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Census shows Detroit population loss continues; Duggan questions count

Courtesy: Andy McFarlane

The city of Detroit continued losing population over the past decade, according to data released Thursday by the U.S. Census Bureau.

According to the latest Census count, Detroit has 639,111 people, down 10.5% from 2010. The city had more than 1.8 million people in 1950.

Detroit Mayor Mike Duggan has staked much of his political success on whether he can reverse Detroit’s long population bleed, and immediately came out with a statement questioning the accuracy of the count.

“The Census data released today says Detroit has only 254,000 occupied households,” Duggan said. “DTE [Energy] reports there are nearly 280,000 residential households currently paying electric bills. At a minimum, the Census somehow failed to count 25,000 occupied houses with running electricity.”

Duggan said he and Congresswoman Rashida Tlaib (D-Detroit) predicted an undercount last fall, based on testimony from Census workers doing door-to-door outreach. He said the city is “pursuing our legal remedies to get Detroit an accurate count.”

The 2020 Census was plagued by problems. Those ranged from a lack of door-to-door outreach because of the COVID-19 pandemic, to former President Donald Trump’s decisionto end field operations a month early.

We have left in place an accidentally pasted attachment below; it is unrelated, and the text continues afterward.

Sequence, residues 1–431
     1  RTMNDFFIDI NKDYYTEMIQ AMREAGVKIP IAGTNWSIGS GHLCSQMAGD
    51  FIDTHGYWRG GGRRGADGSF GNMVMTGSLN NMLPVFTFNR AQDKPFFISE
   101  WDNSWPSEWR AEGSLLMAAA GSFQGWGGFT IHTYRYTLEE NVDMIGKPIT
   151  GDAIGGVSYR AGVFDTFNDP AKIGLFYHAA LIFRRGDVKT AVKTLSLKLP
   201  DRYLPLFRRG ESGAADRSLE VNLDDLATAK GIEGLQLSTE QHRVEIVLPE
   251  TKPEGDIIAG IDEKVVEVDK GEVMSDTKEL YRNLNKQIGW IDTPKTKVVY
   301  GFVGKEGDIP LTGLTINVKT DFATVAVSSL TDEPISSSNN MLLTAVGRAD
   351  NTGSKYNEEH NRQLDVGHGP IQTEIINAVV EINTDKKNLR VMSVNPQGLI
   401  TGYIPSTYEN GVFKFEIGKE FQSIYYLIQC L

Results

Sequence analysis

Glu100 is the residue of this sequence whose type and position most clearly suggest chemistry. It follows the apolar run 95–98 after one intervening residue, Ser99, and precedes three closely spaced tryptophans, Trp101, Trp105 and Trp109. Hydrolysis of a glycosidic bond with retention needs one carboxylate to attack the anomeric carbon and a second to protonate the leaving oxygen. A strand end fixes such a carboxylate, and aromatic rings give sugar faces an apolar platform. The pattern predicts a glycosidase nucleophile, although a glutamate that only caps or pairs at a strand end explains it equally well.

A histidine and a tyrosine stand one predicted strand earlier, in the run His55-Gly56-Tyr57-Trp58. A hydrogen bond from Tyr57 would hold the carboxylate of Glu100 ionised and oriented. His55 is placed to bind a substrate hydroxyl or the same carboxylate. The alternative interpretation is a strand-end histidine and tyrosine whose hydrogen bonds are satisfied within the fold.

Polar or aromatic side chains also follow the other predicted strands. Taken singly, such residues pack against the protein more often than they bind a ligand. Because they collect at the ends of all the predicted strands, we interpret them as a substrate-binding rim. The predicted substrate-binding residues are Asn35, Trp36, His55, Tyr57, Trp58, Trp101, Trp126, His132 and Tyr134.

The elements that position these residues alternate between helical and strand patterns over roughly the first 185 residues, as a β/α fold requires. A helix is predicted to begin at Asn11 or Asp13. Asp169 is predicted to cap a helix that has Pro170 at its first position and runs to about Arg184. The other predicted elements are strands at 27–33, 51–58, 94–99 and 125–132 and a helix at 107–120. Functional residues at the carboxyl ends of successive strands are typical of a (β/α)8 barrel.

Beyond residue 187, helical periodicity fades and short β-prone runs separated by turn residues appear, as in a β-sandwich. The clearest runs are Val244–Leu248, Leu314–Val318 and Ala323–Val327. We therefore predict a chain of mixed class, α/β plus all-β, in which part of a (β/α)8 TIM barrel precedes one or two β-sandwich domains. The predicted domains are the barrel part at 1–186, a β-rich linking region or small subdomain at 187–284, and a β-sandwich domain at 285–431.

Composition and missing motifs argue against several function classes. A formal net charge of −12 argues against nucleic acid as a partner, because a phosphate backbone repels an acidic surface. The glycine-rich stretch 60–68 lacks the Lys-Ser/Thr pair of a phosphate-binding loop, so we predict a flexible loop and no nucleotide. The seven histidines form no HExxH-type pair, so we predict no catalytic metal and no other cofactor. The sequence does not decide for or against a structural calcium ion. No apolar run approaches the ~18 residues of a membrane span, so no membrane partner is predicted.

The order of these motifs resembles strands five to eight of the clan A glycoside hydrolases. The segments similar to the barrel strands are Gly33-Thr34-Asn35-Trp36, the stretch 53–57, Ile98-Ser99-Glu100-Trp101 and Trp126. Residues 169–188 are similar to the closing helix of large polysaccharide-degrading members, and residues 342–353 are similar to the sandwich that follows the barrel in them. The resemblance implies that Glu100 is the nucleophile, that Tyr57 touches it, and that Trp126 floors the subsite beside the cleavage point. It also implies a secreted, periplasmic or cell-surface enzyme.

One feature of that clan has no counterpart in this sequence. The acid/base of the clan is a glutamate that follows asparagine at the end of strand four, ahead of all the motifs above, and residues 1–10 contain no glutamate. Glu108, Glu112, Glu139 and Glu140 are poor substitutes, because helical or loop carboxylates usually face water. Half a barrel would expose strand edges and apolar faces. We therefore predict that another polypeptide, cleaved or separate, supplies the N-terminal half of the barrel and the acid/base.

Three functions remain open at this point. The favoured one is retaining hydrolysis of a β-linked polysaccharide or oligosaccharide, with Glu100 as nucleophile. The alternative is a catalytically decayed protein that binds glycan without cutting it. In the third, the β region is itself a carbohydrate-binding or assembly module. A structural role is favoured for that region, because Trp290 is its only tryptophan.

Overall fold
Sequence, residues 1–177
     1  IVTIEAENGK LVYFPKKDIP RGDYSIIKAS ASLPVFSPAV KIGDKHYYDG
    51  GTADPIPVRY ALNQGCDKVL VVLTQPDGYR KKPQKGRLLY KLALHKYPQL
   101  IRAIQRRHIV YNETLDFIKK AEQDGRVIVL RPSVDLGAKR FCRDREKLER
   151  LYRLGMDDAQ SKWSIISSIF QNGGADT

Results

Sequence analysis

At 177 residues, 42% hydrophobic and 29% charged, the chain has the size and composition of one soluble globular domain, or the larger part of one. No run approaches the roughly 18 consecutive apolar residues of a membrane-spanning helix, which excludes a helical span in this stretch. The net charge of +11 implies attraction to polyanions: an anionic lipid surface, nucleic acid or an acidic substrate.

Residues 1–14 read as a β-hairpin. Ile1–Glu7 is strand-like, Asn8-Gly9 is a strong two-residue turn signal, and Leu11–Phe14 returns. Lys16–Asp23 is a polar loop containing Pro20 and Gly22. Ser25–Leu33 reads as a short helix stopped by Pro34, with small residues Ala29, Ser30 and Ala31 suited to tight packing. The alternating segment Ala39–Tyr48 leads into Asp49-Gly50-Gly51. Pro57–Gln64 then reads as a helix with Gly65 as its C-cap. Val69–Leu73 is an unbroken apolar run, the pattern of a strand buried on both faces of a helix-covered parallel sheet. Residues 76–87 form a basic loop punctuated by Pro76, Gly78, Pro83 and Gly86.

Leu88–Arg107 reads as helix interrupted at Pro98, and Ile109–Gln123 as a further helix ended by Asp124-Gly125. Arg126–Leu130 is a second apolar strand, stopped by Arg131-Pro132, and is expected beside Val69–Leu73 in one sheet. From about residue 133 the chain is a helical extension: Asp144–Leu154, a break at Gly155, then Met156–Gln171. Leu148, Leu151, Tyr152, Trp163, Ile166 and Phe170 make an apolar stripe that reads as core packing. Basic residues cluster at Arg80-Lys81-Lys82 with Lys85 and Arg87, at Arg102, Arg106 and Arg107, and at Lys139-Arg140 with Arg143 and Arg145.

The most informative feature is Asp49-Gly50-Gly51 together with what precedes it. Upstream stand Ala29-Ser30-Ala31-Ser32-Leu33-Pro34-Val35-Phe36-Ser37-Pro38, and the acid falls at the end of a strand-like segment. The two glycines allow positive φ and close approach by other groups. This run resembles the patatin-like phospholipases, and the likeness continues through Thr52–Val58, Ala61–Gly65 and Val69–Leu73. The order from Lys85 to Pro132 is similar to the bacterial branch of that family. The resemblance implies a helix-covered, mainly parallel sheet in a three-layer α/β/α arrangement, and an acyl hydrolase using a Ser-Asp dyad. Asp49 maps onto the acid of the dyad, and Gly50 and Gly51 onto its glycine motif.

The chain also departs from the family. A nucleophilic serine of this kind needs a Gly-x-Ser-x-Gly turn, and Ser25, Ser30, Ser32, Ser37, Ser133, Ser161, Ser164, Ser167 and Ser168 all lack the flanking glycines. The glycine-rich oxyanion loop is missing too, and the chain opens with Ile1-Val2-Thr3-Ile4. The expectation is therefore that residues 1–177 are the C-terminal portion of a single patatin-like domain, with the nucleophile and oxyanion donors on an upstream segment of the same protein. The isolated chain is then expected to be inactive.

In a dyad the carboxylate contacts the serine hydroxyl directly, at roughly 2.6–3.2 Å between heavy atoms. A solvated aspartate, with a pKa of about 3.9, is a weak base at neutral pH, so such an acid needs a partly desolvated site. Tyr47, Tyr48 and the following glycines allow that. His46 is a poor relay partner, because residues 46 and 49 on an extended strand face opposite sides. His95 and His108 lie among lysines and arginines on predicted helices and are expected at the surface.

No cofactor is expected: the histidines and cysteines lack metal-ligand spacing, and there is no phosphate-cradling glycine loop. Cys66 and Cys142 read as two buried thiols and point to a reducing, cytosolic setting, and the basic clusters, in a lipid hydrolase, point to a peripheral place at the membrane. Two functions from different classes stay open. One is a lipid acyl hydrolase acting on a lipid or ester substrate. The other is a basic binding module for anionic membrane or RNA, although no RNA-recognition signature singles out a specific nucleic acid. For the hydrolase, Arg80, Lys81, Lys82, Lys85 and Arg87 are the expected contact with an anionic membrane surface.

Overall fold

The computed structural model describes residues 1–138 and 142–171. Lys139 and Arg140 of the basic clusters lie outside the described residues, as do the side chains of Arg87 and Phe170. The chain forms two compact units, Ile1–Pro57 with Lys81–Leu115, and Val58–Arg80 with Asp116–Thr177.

According to The Detroit Free Press, Detroit had the lowest self-response rate to Census questionnaires among similarly-sized cities, at just 51%. Michigan’s overall self-response rate was 71%.

Census counts are critical to cities and states, providing the basis for everything from the number of seats in the U.S. House of Representatives, to the allocation of more than $1 trillion in federal spending.

During a press conference Thursday, U.S. Census Bureau acting director Ron Jarmin saidit was “too early to speculate on undercounts or overcounts,” but that the Bureau is confident its results “meet our high data-quality standards.”

Sarah Cwiek joined Michigan Public in October 2009. As our Detroit reporter, she is helping us expand our coverage of the economy, politics, and culture in and around the city of Detroit.
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